“Because of the time of year, we preferred to use some greens that brought a little bit of bitterness. I believe we used frisée, maybe just a touch of radicchio and a few other greens in there,” Bemis says.
Bemis had already decided that he would be serving ribeye as the entrée course. To break up the richness between that and the preceding smoked pheasant, he looked to classic menu design and inserted a fish course.
He chose an aromatic fresh salmon baked on cedar planks, with saffron butter and a tarragon cherry relish adding some acidity.
He included vanilla in the salmon preparation, and the sweetness was provided by the beers: Breckenridge’s whiskey-barrel-aged Vanilla Porter and Bell’s Black Note bourbon-barrel-aged stout. A light bitterness from both cut the fish’s oiliness while fitting with the floral tarragon and cedar.
The ribeye entrée incorporated curry-based dry rub and chili paste, the modest heat accentuated by two potent IPAs. The final course, a spiced almond mousse, included a slight addition of chili powder to add complexity and tie it into the previous course, while bringing together the disparate pairing of Breckenridge 72 Imperial and Bell’s Sparkling Ale.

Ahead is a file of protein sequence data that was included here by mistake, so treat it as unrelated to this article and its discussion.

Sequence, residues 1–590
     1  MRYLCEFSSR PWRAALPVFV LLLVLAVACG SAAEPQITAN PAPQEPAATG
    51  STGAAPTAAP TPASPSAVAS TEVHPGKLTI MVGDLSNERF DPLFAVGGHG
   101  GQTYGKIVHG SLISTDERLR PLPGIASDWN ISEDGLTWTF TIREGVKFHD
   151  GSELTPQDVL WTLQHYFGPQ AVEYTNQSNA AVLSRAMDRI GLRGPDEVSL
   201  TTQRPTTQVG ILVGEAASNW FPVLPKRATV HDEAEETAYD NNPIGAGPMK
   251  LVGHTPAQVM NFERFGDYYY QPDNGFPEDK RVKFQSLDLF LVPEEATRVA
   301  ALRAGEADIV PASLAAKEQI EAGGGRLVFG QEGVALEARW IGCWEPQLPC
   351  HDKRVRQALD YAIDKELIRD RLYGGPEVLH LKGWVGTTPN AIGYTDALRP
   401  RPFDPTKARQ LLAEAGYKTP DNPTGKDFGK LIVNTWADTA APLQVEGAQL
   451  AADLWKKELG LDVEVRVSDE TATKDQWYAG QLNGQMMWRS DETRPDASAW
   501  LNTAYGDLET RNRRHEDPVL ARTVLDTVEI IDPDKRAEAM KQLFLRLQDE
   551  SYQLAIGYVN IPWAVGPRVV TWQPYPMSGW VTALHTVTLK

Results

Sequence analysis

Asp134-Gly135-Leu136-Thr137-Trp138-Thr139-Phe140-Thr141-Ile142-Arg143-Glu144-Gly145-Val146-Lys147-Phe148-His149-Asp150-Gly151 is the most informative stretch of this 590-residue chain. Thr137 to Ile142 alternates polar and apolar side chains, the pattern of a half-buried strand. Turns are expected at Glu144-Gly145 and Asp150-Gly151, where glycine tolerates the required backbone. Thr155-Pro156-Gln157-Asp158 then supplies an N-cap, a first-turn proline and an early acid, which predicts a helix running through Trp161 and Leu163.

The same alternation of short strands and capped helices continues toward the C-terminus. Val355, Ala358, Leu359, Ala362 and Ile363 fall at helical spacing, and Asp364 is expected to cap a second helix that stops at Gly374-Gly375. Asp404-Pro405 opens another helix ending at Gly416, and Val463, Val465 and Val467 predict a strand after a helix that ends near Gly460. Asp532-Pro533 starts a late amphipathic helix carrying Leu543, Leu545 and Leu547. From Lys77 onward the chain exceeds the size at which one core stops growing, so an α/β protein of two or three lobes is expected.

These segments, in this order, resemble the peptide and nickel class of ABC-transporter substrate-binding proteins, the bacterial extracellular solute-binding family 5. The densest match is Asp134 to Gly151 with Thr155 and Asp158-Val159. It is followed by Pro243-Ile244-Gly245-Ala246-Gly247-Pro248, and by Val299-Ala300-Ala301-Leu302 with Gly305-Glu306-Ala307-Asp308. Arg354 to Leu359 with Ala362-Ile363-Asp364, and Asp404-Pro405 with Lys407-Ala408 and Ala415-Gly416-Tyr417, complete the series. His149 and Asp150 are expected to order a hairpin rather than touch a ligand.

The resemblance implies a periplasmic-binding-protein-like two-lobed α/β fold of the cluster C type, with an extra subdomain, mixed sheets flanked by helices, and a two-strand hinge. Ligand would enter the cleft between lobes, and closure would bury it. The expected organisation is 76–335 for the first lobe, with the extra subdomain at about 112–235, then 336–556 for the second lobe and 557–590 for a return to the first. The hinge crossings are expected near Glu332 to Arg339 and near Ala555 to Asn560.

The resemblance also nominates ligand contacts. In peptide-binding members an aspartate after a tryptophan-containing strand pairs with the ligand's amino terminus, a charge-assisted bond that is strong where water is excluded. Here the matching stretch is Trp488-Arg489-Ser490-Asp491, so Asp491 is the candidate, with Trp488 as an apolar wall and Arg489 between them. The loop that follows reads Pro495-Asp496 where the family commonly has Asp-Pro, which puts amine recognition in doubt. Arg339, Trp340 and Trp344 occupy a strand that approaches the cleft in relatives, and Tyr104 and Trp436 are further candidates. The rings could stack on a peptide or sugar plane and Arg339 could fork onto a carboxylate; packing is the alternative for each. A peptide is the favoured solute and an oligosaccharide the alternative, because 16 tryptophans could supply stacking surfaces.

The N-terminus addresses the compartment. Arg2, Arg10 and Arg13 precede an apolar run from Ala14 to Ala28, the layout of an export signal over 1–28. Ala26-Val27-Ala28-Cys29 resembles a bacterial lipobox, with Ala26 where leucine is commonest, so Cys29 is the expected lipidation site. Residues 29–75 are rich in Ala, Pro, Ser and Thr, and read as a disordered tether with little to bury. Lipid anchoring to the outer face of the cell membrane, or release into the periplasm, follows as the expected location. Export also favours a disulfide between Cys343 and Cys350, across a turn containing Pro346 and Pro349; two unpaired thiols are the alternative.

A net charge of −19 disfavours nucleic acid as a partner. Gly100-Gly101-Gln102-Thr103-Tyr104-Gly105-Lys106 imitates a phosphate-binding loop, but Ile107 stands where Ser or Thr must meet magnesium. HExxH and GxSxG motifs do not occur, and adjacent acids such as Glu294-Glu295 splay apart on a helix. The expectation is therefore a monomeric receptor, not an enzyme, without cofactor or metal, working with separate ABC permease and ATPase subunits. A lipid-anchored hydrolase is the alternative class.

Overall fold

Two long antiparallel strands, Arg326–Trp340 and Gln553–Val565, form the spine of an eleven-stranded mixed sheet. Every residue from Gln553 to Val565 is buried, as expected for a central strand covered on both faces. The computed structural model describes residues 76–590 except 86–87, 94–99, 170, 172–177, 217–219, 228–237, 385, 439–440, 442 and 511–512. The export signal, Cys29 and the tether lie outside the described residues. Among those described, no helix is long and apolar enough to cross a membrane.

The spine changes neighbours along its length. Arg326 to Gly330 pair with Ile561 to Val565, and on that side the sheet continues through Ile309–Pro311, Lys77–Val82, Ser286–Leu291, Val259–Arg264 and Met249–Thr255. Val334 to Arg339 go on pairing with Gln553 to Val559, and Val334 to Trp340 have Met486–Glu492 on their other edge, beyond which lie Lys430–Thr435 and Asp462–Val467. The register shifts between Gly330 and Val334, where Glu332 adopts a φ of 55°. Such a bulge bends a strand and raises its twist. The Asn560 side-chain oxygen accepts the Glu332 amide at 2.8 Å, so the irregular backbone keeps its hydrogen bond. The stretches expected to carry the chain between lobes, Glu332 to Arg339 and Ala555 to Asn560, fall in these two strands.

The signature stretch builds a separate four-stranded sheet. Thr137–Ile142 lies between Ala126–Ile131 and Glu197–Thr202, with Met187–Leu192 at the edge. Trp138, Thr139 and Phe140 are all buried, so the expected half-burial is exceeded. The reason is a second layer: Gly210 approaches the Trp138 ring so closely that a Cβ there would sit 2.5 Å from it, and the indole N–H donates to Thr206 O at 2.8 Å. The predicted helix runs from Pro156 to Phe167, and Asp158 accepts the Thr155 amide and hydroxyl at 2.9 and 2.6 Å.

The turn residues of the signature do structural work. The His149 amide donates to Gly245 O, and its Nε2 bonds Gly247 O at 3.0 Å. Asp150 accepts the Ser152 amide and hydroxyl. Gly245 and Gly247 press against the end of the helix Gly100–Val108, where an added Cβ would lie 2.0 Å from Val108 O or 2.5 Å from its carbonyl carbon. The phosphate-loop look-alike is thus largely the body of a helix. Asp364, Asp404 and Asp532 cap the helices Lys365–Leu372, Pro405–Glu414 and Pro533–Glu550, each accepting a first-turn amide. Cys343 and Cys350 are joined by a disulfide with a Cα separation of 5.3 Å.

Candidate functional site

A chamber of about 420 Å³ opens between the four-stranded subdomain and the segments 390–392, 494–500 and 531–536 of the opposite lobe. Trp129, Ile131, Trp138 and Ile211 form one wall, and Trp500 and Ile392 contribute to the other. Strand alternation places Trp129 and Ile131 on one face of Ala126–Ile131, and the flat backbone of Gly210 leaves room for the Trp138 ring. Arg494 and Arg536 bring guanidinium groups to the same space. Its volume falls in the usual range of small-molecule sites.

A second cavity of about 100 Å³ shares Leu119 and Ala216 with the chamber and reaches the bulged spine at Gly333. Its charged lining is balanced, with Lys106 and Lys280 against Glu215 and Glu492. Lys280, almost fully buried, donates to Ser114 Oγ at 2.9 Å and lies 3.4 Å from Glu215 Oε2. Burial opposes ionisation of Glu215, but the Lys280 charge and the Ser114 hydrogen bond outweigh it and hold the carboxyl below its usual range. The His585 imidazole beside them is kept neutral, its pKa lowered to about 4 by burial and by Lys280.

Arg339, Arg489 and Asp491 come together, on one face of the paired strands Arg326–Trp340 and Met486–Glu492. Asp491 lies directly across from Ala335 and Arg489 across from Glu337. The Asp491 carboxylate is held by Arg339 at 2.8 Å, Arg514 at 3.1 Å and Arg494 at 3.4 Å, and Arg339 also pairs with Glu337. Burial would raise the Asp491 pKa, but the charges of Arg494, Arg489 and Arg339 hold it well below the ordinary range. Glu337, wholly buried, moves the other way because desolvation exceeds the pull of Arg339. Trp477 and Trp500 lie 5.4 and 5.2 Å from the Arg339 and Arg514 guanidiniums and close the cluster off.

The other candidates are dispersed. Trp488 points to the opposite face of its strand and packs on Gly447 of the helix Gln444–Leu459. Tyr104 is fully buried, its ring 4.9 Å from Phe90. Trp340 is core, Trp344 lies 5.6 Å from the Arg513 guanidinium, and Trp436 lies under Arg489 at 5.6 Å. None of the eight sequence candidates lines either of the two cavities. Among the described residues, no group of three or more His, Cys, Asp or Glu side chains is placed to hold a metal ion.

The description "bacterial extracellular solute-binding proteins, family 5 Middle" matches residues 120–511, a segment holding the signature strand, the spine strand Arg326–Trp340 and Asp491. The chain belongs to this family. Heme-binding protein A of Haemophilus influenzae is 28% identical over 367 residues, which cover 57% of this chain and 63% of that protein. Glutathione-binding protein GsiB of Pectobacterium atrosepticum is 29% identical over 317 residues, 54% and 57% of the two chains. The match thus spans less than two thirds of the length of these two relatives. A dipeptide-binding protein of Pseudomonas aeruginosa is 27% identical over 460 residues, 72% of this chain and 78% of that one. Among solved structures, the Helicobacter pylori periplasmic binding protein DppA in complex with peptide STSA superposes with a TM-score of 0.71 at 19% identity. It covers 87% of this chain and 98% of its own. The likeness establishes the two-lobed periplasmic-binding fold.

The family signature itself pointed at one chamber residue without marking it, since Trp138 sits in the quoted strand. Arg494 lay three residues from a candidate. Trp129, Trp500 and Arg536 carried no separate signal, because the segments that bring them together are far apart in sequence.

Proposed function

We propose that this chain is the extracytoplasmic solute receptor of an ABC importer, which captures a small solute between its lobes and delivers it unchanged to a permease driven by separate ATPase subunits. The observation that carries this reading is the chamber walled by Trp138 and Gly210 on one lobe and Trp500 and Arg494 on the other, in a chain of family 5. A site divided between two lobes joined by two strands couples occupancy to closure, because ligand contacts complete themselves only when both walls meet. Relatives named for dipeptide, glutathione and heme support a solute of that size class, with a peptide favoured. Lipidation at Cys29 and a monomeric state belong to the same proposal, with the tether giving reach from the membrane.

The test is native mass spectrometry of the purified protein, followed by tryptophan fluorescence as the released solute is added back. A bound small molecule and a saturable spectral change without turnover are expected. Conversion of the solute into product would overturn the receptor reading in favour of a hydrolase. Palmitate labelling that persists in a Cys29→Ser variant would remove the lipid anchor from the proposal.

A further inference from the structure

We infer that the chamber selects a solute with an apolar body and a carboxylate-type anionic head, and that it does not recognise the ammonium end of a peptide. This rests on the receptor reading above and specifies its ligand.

The two successful pairing dinners—both the Bemis and Spickelmier dinner and the similarly challenging Calibration Dinner orchestrated by Belie and Sacconi —helped make the craft-beer pairings a mainstay at the resort.
The resort has launched a Craft Beer, Creative Cuisine series, an expanded craft-beer selection, educational seminars with visiting Colorado brewmasters, and learning packages hosted by Lodge, Bemis and Pastry Chef Kendra Hamilton.
“When we started talking about it and really getting involved in the planning stages of the beer festival, we made the decision to start down this road,” Bemis says of their craft-beer initiatives. “It’s become part of who we are.”